8. When I wore a Holter monitor it picked up enough bradycardia and tachycardia that it led my GP to refer me to an electrophysiology cardiologist. He was the one who recognized my symptoms and diagnosed me properly. He then ran additional tests to confirm my diagnosis. So the holter monitoring was very beneficial for me in that respect. Now that I am diagnosed they do not hook me up to holter monitors anymore. They DO hook me up to do ekgs when they run occasional tests such as treadmill testing.
  9. My docs wrote off my livedo reticularis to either being the result of my inherited autoimmune disease (autoimmunes can be a commonly known cause) or my Ehlers Danlos Syndrome (another commonly known cause). One in three people with dysautonomia also have EDS (Ehlers Danlos Syndrome), so I see EDS and livedo reticularis mentioned fairly often in various dysautonomia forums.
  10. One suggestion could be to keep a blood pressure cuff on your nightstand and take your blood pressure upon awakening (before you sit up or stand up). It’ll show you (and your doctor) what your heart rate and bp are doing. Then after you’ve stood up and walked around a few minutes, take it again (while still standing). Later on, when everything feels “calm” and you don’t feel dizzy or weird or anything take a reading with the blood pressure cuff again. The “before and after” various readings might help you and your doctor figure out whether the tachycardia is in response to your blood pressure dropping. I know my own doctor found my wrist blood pressure cuff readings very useful. They led him to order specific medical tests, and helped him more specifically advise me what I should do when certain bp cuff readings occur.
  11. EDS and Dysautonomia (POTS) run in our family. We do not have an expectation of being “cured”, although every time we master a new assistive tool or strategy to help us adapt to being more fully functional it is a cause for celebration. We also refuse to let it dampen our wacky spirits. 😊😜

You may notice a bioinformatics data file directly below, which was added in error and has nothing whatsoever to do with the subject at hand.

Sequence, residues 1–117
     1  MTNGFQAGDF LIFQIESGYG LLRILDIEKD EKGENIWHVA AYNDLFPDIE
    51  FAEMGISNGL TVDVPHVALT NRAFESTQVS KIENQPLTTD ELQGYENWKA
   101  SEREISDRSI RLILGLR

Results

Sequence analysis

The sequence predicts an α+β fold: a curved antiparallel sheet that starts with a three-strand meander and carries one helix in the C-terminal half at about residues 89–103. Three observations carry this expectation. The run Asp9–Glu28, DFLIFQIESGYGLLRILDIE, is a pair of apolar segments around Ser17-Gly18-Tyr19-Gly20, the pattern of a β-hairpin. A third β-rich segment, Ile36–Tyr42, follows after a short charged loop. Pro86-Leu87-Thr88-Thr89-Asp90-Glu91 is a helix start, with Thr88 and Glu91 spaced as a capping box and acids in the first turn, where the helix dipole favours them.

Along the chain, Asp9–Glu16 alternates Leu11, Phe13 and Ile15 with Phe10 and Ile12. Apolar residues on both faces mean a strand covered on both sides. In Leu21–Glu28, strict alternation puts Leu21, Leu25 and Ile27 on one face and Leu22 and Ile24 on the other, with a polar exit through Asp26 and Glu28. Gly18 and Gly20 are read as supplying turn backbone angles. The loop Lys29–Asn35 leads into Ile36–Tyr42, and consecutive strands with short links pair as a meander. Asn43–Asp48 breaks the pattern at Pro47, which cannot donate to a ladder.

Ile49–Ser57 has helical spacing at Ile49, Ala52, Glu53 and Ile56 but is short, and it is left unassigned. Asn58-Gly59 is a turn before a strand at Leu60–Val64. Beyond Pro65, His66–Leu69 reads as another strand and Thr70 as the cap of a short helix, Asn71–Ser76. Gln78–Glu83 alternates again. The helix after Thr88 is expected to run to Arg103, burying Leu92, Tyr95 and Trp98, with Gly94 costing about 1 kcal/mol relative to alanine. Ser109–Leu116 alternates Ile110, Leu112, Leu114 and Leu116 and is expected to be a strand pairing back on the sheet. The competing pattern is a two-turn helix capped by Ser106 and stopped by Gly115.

12. I specifically asked my doctor who monitors my dysautonomia for guidelines on when I should go to the ER versus just rest at home. He knows all of MY medical peculiarities and gave me some good rules of thumb to go by on when I should go to the ER. My recommendation is for you to have that same frank conversation with your doctor. Because what might be no big deal for me might be an urgent situation for you.
  13. It looks like my left leg. I was diagnosed with it being livido reticularis (which someone else mentioned above). Livedo reticularis is a symptom, not the name of a disease. It can be caused by many things. Since two of the known causes can be autoimmune disorders or EDS (Ehlers Danlos Syndrome), and since I have both an inherited autoimmune and suspected EDS, my doctors and I saw no need to worry about it further. That was two years ago. My livedo reiticularis is still present in that leg but faded quite a bit after I did water exercises for several months. I think the exercises benefitted my circulation.
  14. I find frequent but small meals helps me avoid a lot of the digestive issues, as well as the blood pressure drops I can get after a large “heavy” meal. I find it helps to lift my spirits to do interesting hobbies with my hands during those times I have to lie down or stay seated.
  15. Vanderbilt sometimes has research programs where they’ll run some autonomic medical testing for free (to get your data for their research).